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Nothing About Us, Without Us: How Nevada is Engaging Students

Stories from the Field
March 28, 2023

By: Jillian Kuhlmann

In a panel discussion with her peers in front of more than 200 Nevada educators, policymakers and community members last fall, Liz Stephens, a senior at the University of Nevada, Reno, surfaced the need to move beyond equality to equity when considering the future of teaching and learning in the state.

“Equality is giving everyone a Band-Aid. I got a cut on my finger, I get a Band-Aid on my finger. He got a cut on his leg, he gets a Band-Aid on his finger. She lost her leg – a Band-Aid on the finger,” said Stephens. “When it comes to educating students, some might not need as much as others. It’s important that different groups have different accommodations and help. Be equitable. Not just equal.”

Student panel of four in front of audience at Nevada's Future of Learning Convening in 2022

The convening where Stephens and other students shared their thoughts was the first time Nevadans gathered in-person to share ideas and strategies around the work of creating the Portrait of a Nevada Learner that asks, “What are the values needed to drive the education system in the state to ensure Nevadans are prepared to live good lives and build thriving communities? What does it mean to prepare learners to embrace the world as it is and navigate the complex challenges and opportunities ahead?”

Nevada is designing a Portrait of a Nevada Learner that can serve as a unifying measure for the state, and, according to State Superintendent Jhone Ebert, leverage the strengths of young people within Nevada to “drive the future and move us all forward.” Learn more »

The process to create the portrait had actually begun months before, with interviews and listening sessions conducted throughout the state. The student panel was a continuation of that effort to ensure that all voices would be elevated and captured.

“To me, a good life is being able to find happiness in just about anything you’re passionate about. Finding happiness in relationships with friends, families,” said Luke Herman, a junior at Las Vegas Academy of the Arts, when asked what a good life entailed, what it might mean to thrive. “You’ve got to be happy and positive about life. A thriving community is when a group of people are comfortable together, when they bring positivity to each other. When conflicts arise, people in the community can bring them back together.”

Following the student panel, youth in attendance at the convening were invited to share their feedback through a survey designed just for them. When asked how they felt about designing the future of learning in Nevada in partnership with educators and policymakers, students indicated they felt valued, welcomed and excited. A majority of youth in attendance also indicated they wanted to participate in designing future engagements with Nevada students to participate in this work.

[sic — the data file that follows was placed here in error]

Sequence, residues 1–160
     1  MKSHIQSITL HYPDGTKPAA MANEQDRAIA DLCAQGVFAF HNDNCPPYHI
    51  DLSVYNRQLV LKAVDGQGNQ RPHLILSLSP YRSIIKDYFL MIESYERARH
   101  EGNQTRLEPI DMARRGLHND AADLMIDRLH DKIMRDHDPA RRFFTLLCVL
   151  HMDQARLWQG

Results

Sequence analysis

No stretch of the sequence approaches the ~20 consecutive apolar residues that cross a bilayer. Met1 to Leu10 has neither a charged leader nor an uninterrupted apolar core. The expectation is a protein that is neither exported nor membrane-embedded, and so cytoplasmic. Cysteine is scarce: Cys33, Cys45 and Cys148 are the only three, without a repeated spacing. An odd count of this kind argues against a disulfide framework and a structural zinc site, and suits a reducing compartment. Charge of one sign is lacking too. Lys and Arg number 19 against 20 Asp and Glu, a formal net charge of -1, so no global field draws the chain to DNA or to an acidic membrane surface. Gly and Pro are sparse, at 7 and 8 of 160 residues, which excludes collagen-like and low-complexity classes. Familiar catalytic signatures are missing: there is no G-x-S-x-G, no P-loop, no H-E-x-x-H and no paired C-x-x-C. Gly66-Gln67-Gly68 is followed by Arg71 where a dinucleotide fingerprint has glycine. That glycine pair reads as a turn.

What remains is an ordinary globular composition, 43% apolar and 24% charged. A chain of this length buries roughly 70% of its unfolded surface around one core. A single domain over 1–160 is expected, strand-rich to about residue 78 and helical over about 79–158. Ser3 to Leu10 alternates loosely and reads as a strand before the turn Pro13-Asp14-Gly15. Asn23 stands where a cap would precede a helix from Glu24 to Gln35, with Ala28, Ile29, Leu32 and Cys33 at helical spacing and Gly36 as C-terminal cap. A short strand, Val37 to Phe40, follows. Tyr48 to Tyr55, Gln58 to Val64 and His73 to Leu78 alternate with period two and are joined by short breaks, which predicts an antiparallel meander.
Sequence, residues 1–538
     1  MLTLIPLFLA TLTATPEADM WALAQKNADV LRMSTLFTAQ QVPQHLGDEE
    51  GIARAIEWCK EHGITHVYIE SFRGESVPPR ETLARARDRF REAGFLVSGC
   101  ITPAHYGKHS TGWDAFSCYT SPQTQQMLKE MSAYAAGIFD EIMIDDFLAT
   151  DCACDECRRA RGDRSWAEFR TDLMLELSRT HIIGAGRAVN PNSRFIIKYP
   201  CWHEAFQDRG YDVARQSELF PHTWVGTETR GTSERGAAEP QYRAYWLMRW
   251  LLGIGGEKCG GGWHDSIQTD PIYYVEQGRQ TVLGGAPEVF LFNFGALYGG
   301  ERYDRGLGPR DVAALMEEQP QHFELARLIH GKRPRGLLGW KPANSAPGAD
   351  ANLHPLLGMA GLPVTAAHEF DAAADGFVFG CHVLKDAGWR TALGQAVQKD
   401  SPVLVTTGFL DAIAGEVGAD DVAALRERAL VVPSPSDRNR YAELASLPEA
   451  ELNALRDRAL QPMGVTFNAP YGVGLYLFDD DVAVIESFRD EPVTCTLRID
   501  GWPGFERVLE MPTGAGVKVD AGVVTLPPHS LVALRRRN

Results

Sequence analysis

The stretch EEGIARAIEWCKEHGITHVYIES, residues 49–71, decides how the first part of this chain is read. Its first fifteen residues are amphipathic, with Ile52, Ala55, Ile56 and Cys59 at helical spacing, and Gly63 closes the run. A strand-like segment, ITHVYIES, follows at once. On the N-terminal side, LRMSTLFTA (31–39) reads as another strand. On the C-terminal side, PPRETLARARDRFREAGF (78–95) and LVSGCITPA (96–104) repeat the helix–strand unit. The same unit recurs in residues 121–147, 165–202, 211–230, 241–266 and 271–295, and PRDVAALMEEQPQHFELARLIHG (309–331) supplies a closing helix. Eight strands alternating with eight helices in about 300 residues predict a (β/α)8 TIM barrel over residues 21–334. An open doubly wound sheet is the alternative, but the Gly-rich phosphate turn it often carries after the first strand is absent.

The work to engage students in transforming teaching and learning in the state continues with Spark the Future, a virtual youth series designed to help young people discover and cultivate their passion and vision for the future of learning in Nevada. Workshops will begin in late March of 2023, and encourage participants to consider, “How might we make school different? And how will we get there?”

“We are looking forward to engaging youth in a series of workshops where they will consider who they are as an individual, who they are in their community and who they are in the movement to change school in Nevada,” said Anna Russo, director of community futures with KnowledgeWorks and one of the facilitators for Spark the Future. “Holding true to the belief that ‘nothing about us, without us,’ we are excited to support youth in considering and designing how they will participate in and move forward the work in Nevada to change school for them, their peers and future learners.”

For Tarrance Bynum, a senior at Veterans Tribute High School, school is a place for making meaningful connections with others.

“School shows us how to love one another, even when we don’t want to because it’s seven in the morning,” said Bynum, with a laugh. He cited mental health, safety and women’s rights among the things he cares most about. “We all need to care about each other’s safety like we do our own.”

For Stephens, there’s hope for the future – and she shared the stage with that hope.

“Youth are the future. We can accomplish amazing things.”

A student-led initiative to change Seneca Valley School District’s Indigenous mascot failed in 2000 – but now a new group of students have succeeded.


Jillian Kuhlmann
Senior Manager of Communications

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